- Hellmut Brunner : The Birth of the God King. Studies on the transmission of an ancient Egyptian myth (= Egyptological treatises. (ÄA) 10). 2nd Edition. Harrassowitz, Wiesbaden 1986, ISBN 3-447-02554-9 .
- Donald B. Redford : Pharaonic king-lists, annals, and day-books: a contribution to the study of the Egyptian sense of history. Benben, Mississauga 1986, ISBN 0-920168-07-8 .
- Emma Brunner-Traut : Pharaoh and Jesus as sons of God. In: E. Brunner-Traut: Lived Myths: Contributions to the ancient Egyptian myth. 3. Edition. Wissenschaftliche Buchgesellschaft, Darmstadt 1988, ISBN 3-534-08425-X , pp. 31-59.
- Dieter Arnold : The temples of Egypt. Apartments for gods, places of worship, architectural monuments. Artemis & Winkler, Zurich 1992, ISBN 3-7608-1073-X .
- Zygmunt Wysocki: The Temple of Queen Hatshepsut at Deir el-Bahari: The Raising of the Structure in View of Architectural Studies. In: Communications of the German Archaeological Institute, Cairo Department (MDAIK) 48, von Zabern, Mainz 1992, ISBN 3-8053-1294-6 , pp. 233-254.
- Joachim Kügler: Pharaoh and Christ? Study of the history of religion on the question of a connection between ancient Egyptian royal theology and New Testament Christology in the Gospel of Luke. In: Bonner Biblical Contributions (BBB) 113, Bodenheim 1997.
- Magnus Reisinger: Development of the Egyptian royal sculpture in the early and high 18th dynasty. Agnus, Münster 2005, ISBN 3-00-015864-2 .
- Erik Hornung : The New Kingdom. In: Erik Hornung, Rolf Krauss, David A. Warburton (eds.): Ancient Egyptian Chronology (= Handbook of Oriental studies. Section One. The Near and Middle East. Volume 83). Brill, Leiden / Boston 2006, ISBN 90-04-11385-1 , pp. 197-217 ( online ).
- Joachim Kügler: Hatshepsut - a multiple daughter as king: gender roles, myth politics and legitimation of an ancient Egyptian ruler. In: J. Kügler, L. Bormann (Ed.): Töchter (Gottes). Studies on the relationship between culture, religion and gender. Lit, Berlin / Münster 2008, ISBN 978-3-8258-1185-3 , pp. 22-45.
- Pauline Gedge : The Mistress of the Nile. Rowohlt, Reinbek 1981, ISBN 3-499-15360-2 . (Original edition: Child of the morning. The Macmillan Company of Canada, 1977)
- Hanns Kneifel : Hatshepsut - The Pharaoh. Schneekluth, Munich 1995, ISBN 3-7951-1323-7 .
- Susan von Ghyczy: The first female pharaoh. Econ 1999, ISBN 978-3-612-27421-2 .
- Philipp Vandenberg : The Pharaoh: historical novel. (= Bastei-Lübbe-Taschenbuch. Volume 15928: General series). Original edition, 1st edition. Bastei Lübbe, Bergisch Gladbach 2008, ISBN 978-3-404-15928-4 .
- Birgit Fiolka : Hatshepsut. The black lioness. 1st edition, Create Space, Charleston SC. 2012, ISBN 978-1-4775-6145-4 .
- Birgit Fiolka: Hatshepsut. The golden hawk. Create Space, Charleston SC. 2012, ISBN 978-1-4776-1660-4 .
- Stephanie Thornton: Daughter of the Gods. A Novel of Ancient Egypt. Nal, New York 2014, ISBN 978-0-451-41779-4 .
- Literature by and about Hatshepsut in the catalog of the German National Library
- Maat-ka-Ra - Hatshepsut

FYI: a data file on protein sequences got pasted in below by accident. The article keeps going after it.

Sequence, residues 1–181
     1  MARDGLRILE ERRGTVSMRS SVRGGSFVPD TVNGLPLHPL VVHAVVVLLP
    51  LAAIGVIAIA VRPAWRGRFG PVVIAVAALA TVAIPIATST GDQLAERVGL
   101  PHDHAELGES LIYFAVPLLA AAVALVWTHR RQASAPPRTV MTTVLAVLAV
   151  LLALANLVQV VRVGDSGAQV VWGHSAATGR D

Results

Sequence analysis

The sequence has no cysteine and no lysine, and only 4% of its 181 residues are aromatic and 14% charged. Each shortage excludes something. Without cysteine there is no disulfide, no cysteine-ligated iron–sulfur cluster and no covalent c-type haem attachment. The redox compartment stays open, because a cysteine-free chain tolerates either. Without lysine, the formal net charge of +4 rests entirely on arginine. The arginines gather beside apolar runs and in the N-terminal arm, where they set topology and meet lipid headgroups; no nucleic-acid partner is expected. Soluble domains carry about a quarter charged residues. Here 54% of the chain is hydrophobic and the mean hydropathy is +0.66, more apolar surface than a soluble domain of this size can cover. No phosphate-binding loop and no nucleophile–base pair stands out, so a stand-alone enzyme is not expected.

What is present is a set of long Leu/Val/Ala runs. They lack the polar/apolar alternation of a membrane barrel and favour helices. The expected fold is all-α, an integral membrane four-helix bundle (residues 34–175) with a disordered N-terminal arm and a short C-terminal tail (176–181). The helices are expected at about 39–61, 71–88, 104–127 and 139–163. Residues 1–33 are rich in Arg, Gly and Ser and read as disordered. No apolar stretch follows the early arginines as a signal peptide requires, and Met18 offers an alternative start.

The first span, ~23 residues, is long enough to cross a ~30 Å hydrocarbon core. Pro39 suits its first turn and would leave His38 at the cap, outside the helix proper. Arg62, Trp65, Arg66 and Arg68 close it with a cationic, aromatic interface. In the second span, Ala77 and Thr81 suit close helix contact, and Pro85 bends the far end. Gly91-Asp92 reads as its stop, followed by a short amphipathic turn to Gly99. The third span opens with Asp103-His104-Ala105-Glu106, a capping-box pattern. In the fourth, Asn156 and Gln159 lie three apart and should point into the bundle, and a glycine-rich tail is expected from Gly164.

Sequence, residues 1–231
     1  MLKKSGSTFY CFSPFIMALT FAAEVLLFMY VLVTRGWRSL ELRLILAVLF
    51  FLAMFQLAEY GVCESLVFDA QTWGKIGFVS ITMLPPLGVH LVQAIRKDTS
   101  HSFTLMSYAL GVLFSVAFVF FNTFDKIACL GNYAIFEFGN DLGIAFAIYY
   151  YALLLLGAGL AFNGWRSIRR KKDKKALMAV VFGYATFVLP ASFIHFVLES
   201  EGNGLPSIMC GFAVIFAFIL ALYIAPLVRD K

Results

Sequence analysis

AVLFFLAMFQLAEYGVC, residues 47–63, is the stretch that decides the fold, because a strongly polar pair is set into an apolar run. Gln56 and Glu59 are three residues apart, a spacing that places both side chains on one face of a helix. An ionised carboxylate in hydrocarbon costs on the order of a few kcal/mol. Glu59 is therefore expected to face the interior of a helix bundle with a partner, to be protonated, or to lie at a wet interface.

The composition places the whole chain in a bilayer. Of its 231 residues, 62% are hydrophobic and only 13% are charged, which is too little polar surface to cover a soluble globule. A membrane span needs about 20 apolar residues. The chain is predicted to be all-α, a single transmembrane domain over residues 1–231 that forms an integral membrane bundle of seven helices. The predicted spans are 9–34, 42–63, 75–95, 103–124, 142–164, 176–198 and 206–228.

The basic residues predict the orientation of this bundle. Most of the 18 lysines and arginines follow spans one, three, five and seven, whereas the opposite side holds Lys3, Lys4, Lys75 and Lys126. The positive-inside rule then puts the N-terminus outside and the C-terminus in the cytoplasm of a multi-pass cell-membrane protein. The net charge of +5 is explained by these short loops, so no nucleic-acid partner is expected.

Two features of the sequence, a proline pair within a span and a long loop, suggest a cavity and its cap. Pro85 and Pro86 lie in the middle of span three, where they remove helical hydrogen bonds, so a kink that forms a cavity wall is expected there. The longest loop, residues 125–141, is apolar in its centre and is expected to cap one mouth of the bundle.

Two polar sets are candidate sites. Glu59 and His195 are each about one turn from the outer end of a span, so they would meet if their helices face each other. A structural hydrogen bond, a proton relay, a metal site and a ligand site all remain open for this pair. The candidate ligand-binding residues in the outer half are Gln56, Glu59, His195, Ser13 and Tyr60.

- Descent of Hatshepsut ( Memento from July 6, 2016 in the Internet Archive )
- 360 ° panoramic images ( Memento from March 24, 2016 in the Internet Archive )
- Hidden Story of Hatshepsut
- Peter F. Dorman: The monuments of Senenmut: Problems in historical methodology. Kegan Paul International, London 1988, ISBN 0-7103-0317-3 , pp. 78-79.
- Donald B. Redford: Pharaonic King Lists. See literature.
- cf. Alexandra von Lieven : Plan of the course of the stars - the so-called groove book. The Carsten Niebuhr Institute of Ancient Eastern Studies (inter alia), Copenhagen 2007, ISBN 978-87-635-0406-5 , p. 240.
- Siegfried Schott: Ancient Egyptian festival dates. Publishing house of the Academy of Sciences and Literature, Mainz / Wiesbaden 1950, p. 97.
- mein-altaeggypt.de ( Memento from November 29, 2011 in the Internet Archive )
- n-tv of June 27, 2007: Archaeological sensation: Hatshepsut identified. Retrieved June 26, 2011.
- Zahi Hawass: Press Release: Identifying Hatshepsut's Mummy. ( Memento of February 3, 2014 in the Internet Archive ) On: drhawass.com. Retrieved January 26, 2014.
- Zahi Hawass: The Search for Hatshepsut and the Discovery of her Mummy. June 2007 On: guardians.net. Retrieved January 26, 2014.
- Hatshepsut. Researchers identify mummy. On: focus.de/Wissen. Retrieved January 26, 2014.
- The tooth gap brought it to the day ( Memento from February 23, 2010 in the Internet Archive ). In: tagesschau.de. June 27, 2007.
- GEO magazine 07/02
- Pharaoh could have put cream on herself to death. At: spiegel.de. August 19, 2011.
- The sick skin of the pharaoh. ( Memento from February 2, 2012 in the Internet Archive ) In: Frankfurter Umschau online. August 19, 2011.
- Erhard Graefe: The alleged tooth of the allegedly cancerous diabetic Queen Hatshepsut, or: The mummy of Hatshepsut remains unknown. In: Göttinger Miscellen . Vol. 231, 2011, pp. 41-43.
- Mummy of Hatshepsut identified. ( Memento from October 14, 2007 in the Internet Archive ) At: heute.de. June 28, 2007.
- Janine Bourriau: Umm el-Ga'ab: pottery from the Nile valley before the Arab conquest: exhibition organized by the Fitzwilliam Museum, Cambridge, 6 October to 11 December 1981. Cambridge University Press, Cambridge 1981, ISBN 0-521-24065 -4 , p. 72.
- Elizabeth A. Sackler Center for Feminist Art: The Dinner Party. On: brooklynmuseum.org. Retrieved April 20, 2014.
Pharaoh of Egypt
|BRIEF DESCRIPTION||ancient Egyptian queen in the New Kingdom|
|DATE OF BIRTH||15th century BC Chr.|
|DATE OF DEATH||15th century BC Chr.|